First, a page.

The Slatest

Darren Wilson’s Actions After Shooting Michael Brown: “Totally Unorthodox and Unusual”

Two men look at a makeshift memorial on November 23 in Ferguson, Missouri, where Darren Wilson shot and killed Michael Brown

Photo by JEWEL SAMAD/AFP/Getty Images

Darren Wilson failed to follow what is considered to be standard protocol after a shooting. And he was hardly the only one. The transcripts from grand jury testimony make evident that police carried out numerous actions that experts say are highly unusual. First of all, Wilson drove himself back to the police station, put his own gun into evidence and quickly washed blood off his hands without anyone photographing them first, reports the Washington Post. Apparently “there was no photographer available” and Wilson seemed to be more concerned with getting someone else’s blood off his body than preserving evidence. “His concern was not of evidence, but as a biohazard or what possible blood hazards it might attract,” said an FBI agent.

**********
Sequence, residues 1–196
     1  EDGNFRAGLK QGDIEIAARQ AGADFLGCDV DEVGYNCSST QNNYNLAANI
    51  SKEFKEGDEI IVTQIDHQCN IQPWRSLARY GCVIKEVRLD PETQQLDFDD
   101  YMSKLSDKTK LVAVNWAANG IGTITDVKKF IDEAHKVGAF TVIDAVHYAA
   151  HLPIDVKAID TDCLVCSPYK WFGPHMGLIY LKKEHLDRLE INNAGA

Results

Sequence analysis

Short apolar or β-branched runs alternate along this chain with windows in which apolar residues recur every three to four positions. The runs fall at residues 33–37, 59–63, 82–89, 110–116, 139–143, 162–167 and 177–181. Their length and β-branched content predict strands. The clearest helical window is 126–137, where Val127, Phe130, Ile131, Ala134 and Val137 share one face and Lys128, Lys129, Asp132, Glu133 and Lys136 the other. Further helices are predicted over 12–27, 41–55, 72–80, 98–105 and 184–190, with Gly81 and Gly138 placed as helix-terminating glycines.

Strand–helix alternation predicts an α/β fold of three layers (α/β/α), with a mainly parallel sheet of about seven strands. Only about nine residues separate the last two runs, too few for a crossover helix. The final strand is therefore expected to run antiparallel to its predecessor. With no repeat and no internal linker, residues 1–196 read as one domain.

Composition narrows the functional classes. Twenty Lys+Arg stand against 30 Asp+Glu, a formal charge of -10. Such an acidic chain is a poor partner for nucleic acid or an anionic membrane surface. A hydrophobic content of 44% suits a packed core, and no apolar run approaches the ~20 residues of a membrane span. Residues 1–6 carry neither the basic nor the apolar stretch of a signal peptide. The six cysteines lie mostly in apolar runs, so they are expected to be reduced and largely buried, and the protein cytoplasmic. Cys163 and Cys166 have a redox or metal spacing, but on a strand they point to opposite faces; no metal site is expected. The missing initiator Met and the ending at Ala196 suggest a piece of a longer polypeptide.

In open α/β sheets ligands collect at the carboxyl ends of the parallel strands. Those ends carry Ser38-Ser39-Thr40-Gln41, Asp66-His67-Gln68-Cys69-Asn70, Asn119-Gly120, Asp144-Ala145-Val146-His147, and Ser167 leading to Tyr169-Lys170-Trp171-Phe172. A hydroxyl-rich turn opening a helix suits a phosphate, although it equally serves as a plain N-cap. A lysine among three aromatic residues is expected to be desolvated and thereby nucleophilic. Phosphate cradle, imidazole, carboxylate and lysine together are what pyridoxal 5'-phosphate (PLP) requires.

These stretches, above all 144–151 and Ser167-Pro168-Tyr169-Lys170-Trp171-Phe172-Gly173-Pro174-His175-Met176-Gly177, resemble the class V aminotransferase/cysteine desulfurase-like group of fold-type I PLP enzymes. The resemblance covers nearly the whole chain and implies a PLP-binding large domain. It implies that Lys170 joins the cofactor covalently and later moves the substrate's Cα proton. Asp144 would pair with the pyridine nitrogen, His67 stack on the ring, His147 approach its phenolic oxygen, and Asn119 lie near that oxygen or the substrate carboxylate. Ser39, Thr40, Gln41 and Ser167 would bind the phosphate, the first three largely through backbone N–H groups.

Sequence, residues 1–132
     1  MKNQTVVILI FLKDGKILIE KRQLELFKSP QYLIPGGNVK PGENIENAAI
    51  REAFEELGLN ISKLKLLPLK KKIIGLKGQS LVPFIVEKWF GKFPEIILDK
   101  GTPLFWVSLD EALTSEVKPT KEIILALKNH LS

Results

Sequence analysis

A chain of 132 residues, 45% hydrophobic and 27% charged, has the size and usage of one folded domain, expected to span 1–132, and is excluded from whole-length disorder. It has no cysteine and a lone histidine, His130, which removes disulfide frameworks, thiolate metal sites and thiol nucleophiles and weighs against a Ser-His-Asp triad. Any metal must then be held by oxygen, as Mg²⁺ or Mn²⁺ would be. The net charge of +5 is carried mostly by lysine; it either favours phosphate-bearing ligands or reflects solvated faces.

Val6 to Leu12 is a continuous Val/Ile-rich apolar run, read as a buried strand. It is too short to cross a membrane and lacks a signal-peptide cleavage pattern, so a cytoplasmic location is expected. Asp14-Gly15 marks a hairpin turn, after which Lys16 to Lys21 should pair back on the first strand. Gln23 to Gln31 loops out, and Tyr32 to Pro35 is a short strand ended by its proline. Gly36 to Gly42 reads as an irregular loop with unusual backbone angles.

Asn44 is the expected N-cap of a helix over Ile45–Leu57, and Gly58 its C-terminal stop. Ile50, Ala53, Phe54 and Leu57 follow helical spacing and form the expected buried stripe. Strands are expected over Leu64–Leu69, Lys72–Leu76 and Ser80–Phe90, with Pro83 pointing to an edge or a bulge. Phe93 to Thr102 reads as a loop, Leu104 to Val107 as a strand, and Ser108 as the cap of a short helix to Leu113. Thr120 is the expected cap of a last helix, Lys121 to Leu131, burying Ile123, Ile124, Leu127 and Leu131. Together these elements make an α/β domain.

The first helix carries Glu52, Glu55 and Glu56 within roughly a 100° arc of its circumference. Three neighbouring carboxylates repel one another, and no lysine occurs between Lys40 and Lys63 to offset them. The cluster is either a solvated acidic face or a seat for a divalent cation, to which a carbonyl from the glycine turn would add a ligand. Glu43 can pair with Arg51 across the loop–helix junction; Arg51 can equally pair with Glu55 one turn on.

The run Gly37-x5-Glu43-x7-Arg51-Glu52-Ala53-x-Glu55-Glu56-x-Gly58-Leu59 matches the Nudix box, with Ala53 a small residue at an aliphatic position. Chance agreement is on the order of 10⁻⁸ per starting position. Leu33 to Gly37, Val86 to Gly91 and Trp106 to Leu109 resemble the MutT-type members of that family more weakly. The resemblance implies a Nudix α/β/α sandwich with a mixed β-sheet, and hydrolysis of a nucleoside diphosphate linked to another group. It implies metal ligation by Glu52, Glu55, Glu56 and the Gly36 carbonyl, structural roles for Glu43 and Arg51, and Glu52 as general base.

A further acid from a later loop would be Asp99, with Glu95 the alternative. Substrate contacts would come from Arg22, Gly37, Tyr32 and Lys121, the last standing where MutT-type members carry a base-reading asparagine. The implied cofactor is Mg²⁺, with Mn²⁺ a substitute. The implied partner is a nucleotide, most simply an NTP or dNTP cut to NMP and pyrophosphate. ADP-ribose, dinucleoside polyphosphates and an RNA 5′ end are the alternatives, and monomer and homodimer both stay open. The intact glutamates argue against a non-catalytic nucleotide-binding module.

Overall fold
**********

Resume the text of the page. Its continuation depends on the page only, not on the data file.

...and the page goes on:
A former Florida police chief tells the Post that Wilson’s actions, particularly handling his own weapon and washing his hands, were “totally unorthodox and unusual” adding that “this would be considered very out of line—very, very bad from an investigative perspective.”

Others also moved forward in a way that several experts described as unusual. The officers who interviewed Wilson after the shooting did not record the conversation, for example. And the medical examiner did not take photographs—because his camera’s battery was dead—nor measurements at the scene of the crime—because what had happened was “self-explanatory.”

Although Wilson insisted earlier this week there was nothing he could have done differently, the New York Times talks to several experts who say the officer had several opportunities to take a step back and de-escalate the confrontation. But still, several also agree that when Brown allegedly grabbed Wilson’s gun it may have been difficult for the officer to stand down. “If someone is trying to disarm a police officer or grab their weapon, that’s a felony,” a former Baltimore police officer said. “If someone grabs your weapon, as a cop you’re not thinking they are going to scare you with it. In my mind, every time someone tried to grab my gun in the street, they were going to try to kill me. That encounter changes everything.”